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U.S. embassy’s July Fourth bash rides high off Obama visit

Monday’s party was the third, and final, annual event hosted by the Heymans


 
US Ambassador to Canada Bruce Heyman and wife Vicki dance with their grandaughters during the 4th of July celebrations at Lornado, the ambassador's official residence, in Ottawa on Monday, July 4, 2016. THE CANADIAN PRESS/Sean Kilpatrick

US Ambassador to Canada Bruce Heyman and wife Vicki dance with their grandaughters during the 4th of July celebrations at Lornado, the ambassador’s official residence, in Ottawa on Monday, July 4, 2016. THE CANADIAN PRESS/Sean Kilpatrick

OTTAWA – For U.S. Ambassador Bruce Heyman and his wife, Vicki, their annual Fourth of July bash on Monday was all about road-tripping.

The vast manicured lawn of their official residence, Lornado, in Ottawa’s tony Rockcliffe Park was an outdoor showroom of sorts, with vintage cars and motorcycles, lined up across from several white food and drink tents, all of it in keeping with this year’s “Road Trip USA” theme.

But like many of their Independence Day guests, the Heymans were still riding the high of last week’s visit to Ottawa by President Barack Obama, which lent an air of extra celebration to Monday’s festivities, one of the most sought-after tickets on political Ottawa’s social calendar.

Prior to Monday’s party – it was the Heymans’ third, and final, and largest with a record 4,000 guests expected – the effusive envoy told his own road-trip story.

It happened five days earlier and while it lasted 20 minutes, it was memorable. The car was a big, black and heavy limousine – one of a rare vintage.

Obama asked the Heymans to ride with him in “The Beast” as the souped-up, armoured Cadillac lumbered down Ottawa streets and along the Rideau Canal bound for Air Force One and the president’s return trip to Washington.

Obama and the Heymans know each other well; the couple headed the committee that helped raise money for his 2012 re-election and had been big supporters before his inaugural run for the presidency in 2008.

Obama asked them how it was going, and the ambassador spouted back how strong relations between the two countries currently were.

“He said, ‘that’s good; I know all that: how are the kids and what’s going on with the family?”’ Heyman recalled. So the ambassador told the president about the pending wedding of his daughter.

“He said, ‘way to bury the headline here? Oh my gosh, your daughter’s getting married. That’s fantastic.”’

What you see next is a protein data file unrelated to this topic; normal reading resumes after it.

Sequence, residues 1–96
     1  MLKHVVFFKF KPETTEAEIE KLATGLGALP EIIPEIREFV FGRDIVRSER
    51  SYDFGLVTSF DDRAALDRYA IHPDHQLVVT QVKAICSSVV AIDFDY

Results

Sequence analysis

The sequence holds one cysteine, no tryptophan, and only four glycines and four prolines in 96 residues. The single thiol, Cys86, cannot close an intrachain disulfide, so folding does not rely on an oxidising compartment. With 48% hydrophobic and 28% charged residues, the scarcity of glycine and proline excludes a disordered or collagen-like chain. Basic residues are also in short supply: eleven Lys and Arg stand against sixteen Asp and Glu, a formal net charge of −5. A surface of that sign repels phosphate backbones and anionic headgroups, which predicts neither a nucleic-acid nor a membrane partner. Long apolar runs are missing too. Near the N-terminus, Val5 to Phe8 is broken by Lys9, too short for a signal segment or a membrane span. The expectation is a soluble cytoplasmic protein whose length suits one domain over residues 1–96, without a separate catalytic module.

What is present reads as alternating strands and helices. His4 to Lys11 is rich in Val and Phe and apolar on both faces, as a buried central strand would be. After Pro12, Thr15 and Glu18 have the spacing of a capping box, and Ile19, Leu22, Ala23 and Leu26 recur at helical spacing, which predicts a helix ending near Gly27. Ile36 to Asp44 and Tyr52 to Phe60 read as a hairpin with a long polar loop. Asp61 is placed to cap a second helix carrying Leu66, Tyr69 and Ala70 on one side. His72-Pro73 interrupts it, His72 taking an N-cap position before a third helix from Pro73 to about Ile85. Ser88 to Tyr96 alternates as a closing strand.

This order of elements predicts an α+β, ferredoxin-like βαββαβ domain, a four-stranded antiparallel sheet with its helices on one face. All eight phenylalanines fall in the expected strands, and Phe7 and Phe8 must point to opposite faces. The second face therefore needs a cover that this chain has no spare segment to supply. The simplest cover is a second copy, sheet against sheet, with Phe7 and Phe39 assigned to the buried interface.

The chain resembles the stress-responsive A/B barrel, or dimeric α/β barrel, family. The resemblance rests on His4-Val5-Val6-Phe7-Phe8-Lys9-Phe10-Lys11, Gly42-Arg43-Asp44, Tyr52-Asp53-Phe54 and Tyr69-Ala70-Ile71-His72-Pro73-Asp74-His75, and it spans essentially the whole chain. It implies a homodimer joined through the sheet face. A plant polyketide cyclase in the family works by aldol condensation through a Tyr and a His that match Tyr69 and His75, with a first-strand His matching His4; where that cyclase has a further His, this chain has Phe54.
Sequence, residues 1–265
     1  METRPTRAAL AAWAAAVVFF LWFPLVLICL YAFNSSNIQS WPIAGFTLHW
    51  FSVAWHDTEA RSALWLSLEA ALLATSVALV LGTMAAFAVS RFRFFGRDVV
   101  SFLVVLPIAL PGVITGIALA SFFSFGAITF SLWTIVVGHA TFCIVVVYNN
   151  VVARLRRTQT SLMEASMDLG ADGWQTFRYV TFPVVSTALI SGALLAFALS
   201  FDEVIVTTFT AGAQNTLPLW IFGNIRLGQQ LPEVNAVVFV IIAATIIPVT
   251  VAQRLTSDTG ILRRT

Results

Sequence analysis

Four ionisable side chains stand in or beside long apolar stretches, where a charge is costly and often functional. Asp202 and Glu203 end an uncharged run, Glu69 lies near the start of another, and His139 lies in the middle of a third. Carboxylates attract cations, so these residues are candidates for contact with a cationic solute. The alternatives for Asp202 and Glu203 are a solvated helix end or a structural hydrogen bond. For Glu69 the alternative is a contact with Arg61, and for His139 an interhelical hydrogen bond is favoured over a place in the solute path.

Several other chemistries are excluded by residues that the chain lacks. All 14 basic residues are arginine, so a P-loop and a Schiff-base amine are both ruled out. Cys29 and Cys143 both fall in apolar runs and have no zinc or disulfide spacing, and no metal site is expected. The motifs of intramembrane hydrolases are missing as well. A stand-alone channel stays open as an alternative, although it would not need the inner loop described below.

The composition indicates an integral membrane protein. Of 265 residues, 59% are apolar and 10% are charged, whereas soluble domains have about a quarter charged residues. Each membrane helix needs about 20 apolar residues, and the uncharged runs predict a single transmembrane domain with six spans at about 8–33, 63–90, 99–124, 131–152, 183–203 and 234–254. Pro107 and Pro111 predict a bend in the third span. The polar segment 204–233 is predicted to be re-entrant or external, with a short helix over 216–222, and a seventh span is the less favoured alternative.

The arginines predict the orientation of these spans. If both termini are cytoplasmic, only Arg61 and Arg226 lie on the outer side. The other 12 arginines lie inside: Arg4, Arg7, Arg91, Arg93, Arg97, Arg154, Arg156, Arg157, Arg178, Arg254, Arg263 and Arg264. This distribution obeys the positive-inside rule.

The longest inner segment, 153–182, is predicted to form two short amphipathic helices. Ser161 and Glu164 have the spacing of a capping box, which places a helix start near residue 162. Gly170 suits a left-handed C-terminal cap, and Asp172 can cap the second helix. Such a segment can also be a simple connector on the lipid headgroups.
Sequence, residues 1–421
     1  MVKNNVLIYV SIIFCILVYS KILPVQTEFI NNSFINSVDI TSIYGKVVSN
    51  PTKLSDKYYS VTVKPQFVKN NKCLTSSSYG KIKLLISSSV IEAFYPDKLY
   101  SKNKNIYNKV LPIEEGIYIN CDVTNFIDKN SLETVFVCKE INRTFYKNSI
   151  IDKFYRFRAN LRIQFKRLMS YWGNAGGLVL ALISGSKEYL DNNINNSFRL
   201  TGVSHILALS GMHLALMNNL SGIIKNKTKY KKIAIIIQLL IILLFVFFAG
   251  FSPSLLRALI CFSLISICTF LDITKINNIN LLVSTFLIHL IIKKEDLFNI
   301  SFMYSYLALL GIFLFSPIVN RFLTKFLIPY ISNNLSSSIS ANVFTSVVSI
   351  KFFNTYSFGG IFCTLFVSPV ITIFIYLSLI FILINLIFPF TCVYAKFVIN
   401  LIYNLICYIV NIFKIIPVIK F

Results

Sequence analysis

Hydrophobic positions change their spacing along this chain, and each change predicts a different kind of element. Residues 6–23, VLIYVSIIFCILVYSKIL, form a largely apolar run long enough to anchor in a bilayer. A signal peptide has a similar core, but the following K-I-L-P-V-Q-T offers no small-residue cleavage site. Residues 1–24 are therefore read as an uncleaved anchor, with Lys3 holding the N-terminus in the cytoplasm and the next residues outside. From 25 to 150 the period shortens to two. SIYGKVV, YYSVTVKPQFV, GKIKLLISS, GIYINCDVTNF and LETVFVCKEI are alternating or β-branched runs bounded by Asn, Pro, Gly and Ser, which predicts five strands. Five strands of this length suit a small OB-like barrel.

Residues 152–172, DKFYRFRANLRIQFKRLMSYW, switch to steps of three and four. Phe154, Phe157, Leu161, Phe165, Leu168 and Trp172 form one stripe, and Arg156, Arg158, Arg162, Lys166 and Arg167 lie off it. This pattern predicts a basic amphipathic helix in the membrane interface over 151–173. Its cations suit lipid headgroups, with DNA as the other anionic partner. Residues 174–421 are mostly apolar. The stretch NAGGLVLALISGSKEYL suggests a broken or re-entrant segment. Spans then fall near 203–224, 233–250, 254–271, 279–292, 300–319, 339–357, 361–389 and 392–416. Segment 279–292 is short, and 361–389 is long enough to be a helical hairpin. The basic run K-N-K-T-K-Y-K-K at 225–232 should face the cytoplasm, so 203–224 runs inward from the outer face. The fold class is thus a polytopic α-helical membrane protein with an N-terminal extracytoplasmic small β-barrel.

The Heymans have been hyping the road trip theme of this year’s party through a series of online videos, but for thousands of the Heymans’ party guests, their journey began with an actual road trip: they were bused in from Ottawa’s baseball stadium, Raymond Chabot Grant Thornton Park.

Five tents stuffed with Americana cuisine were waiting for them: there were Maryland crab cakes, fried green tomatoes, Chinook salmon, corned beef sandwiches, California summer rolls, bison burgers, herb-buttered corn, Dairy Queen ice cream, Vermont Cabot cheeses and Chicago’s own Eli’s cheesecakes.

Guests mingled on the lawn under a mainly blue summer sky as the Ceremonial Guard pipe band serenaded them from the front porch of the ambassador’s house. Heyman greeted members of the Ottawa diplomatic community next to a replica of a silver Allstream camper trailer.

Blue signs were posted on several trees throughout the ambassador’s property directing party guests to the rest area _ signs that depicted symbols of a man, a woman and a transgender person.

After the singing of the U.S. and Canadian national anthems, Heyman addressed his guests, a vast collection of politicians, diplomats, journalists, public servants, military officers bearing the colours of various countries, as well as Americans living in Canada.

Heyman traced the noticeable spike in Canada-U.S. relations since October when Justin Trudeau became prime minister and then visited the White House in March before hosting Obama here last week. Heyman said he experienced “incredibly intense emotions” seeing Canadian and U.S. flags twinned together on flagpoles in Washington in March.

“It just got better last week,” he said. “All I can say is wow.”

And then it was party time. The Toronto band, The Digs, kicked off the night’s entertainment with a funky version of Tom Cochrane’s Canadian classic “Life is a Highway,” with the Heymans leading the way on the outdoor dance floor which quickly filled with guests.

It became a full fledged family affair when the Heymans began twirling their two young grand daughters.


 

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